In the money dept, she may not feel comfortable unless she pays at least some token rent. You should discuss this. She certainly should split the utilities with you in a fair proportion, since you ain’t seen utility bills till you add an extra adult user for a month! (Especially if she has long hair that requires shampoo & conditioner a good long rinsing after each in the shower every day; especially if she’s in the habit of leaving the lights on when she walks out of a room; especially if she’s not into wearing a jacket around the house in wintertime.) Ditto food: you’re buying more food than she is because you’re feeding two grown-ups and two kidlets.

    After my best friend and her husband came back from three years as charter-boat operators in the Caribbean, they moved in with us for three months, bearing a cute little girl and a curly-haired black cockapoo. It was a difficult time for them, even though they were solvent, because as it develops when you live on a boat you don’t have a driver’s license and you don’t build much of a paper trail and soooo…you don’t have credit and you can’t persuade a landlord to rent to you and you can’t even get a bank to open a checking account for you. They needed time to get local jobs and re-establish themselves as mainland citizens.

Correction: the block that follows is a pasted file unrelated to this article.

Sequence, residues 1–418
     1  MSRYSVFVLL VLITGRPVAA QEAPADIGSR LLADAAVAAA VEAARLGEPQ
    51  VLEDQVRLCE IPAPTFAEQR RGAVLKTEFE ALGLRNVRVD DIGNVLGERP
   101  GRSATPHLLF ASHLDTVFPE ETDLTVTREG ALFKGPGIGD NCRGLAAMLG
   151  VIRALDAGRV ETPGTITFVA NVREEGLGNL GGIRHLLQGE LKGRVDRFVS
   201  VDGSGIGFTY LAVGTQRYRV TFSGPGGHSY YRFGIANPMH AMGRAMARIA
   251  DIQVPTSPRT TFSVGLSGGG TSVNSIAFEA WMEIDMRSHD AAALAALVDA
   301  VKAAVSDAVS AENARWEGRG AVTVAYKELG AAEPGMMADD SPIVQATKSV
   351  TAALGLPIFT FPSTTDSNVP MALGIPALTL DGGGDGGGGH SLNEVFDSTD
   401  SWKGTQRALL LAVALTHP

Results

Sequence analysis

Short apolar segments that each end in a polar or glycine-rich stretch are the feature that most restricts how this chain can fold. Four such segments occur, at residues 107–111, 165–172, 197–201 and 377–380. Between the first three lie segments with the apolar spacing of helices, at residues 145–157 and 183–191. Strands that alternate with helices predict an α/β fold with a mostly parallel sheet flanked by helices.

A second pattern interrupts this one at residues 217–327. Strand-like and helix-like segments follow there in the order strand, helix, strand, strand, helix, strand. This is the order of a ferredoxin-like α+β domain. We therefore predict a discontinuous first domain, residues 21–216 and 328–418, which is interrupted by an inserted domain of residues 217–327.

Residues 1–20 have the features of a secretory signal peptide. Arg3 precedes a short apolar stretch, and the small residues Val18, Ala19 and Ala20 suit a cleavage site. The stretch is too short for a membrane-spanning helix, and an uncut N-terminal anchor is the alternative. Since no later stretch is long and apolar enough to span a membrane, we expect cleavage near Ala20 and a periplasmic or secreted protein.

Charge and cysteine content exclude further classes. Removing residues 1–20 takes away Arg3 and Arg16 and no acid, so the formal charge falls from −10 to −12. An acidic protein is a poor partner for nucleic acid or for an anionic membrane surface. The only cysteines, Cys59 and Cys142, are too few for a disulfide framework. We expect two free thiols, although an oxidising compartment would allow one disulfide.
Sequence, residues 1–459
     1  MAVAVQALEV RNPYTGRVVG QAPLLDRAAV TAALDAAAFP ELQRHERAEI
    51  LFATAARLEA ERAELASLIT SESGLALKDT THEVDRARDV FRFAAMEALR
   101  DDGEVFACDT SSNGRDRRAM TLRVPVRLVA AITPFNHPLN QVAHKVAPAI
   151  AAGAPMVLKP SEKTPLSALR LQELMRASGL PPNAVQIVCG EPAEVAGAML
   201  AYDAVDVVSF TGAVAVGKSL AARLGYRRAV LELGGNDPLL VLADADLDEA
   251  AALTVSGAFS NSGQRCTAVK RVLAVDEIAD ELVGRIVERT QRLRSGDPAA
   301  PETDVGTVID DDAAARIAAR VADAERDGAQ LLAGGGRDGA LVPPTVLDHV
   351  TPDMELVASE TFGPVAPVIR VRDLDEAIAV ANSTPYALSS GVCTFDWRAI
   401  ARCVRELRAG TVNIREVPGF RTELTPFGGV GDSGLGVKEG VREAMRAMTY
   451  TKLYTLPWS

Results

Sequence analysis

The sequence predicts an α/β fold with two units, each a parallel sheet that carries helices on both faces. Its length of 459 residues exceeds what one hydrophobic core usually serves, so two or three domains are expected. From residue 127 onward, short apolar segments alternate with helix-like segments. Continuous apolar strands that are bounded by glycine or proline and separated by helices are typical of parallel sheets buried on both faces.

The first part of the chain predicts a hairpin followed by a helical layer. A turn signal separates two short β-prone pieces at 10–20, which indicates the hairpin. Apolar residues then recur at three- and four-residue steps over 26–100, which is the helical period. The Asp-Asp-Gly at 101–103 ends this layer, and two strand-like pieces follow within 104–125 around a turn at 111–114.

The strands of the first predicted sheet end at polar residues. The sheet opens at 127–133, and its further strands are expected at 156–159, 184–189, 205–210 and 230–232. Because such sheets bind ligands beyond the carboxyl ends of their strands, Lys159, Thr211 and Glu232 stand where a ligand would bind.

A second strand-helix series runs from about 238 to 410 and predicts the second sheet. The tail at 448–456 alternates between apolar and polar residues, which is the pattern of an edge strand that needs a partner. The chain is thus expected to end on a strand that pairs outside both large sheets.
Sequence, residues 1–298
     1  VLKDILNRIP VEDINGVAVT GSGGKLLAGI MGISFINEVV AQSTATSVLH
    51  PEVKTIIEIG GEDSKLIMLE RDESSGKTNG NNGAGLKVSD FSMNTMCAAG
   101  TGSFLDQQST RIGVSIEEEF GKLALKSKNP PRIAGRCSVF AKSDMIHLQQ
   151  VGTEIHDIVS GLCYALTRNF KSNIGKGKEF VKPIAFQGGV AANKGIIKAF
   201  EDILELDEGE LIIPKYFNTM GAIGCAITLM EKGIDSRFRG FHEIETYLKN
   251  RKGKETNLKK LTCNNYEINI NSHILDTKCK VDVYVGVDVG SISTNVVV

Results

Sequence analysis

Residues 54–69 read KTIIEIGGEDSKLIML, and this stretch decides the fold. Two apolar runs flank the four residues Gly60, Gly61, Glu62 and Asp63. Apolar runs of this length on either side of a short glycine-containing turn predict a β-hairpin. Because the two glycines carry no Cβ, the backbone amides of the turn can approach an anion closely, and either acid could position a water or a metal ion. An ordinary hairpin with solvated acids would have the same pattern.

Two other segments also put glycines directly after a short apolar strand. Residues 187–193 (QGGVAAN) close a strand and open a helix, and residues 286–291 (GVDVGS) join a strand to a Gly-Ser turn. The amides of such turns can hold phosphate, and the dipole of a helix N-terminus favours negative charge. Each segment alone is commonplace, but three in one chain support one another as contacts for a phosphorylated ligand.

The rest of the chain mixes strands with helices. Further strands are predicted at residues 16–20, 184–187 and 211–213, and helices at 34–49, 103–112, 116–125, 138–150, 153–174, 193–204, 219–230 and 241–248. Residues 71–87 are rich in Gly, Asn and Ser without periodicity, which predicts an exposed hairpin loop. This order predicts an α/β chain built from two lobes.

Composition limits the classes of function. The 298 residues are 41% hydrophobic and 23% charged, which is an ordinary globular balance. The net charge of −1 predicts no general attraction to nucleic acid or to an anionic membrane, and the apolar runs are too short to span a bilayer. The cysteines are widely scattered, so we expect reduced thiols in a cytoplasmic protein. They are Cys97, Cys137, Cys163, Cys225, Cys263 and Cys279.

My husband made a ton of money and so the extra costs were irrelevant. My friend and I were Killer Cooks, our house had a gigantic kitchen with two separate sinks & prep areas, neither of she nor I had fulltime jobs, and she and I reveled in making wonderful meals. We were all young and good friends at the time, and so for us it was a lark. But, uhm…if I could’ve found a way to kill her dog without being found out, I’d’a dun it.

    We were lucky that we all got along well. But lucky or not, you’re well advised to think through and discuss all the eventualities and, since you, Trent, do not appear to rank among the top 3 percent of U.S. earners, as my hubby did, it would really be smart to talk about financial arrangements (maybe put them in writing?) upfront!

  33. MVP says:

    Yikes, I would NEVER do this. But I’m a fairly private person and even get anxious around the holidays when I have to see lots of family all at the same time in an enclosed space : ) IMO, it’s just inviting trouble. If this were an emergency, I’d do it to help a loved one out, but making it semi-permanent may become a problem in the future. These relationships are just too delicate to risk over a simple convenience. Too many things can go wrong. What if she slips and falls and sues you? What if your kid pulls her steaming cup off coffee off the table and scalds himself? What if she becomes a druggie or brings strange people around all hours of the night? I know, these are extreme, and you probably know her well enough to know some of these things won’t happen, but you get what I’m sayin’…

  34. Bill says: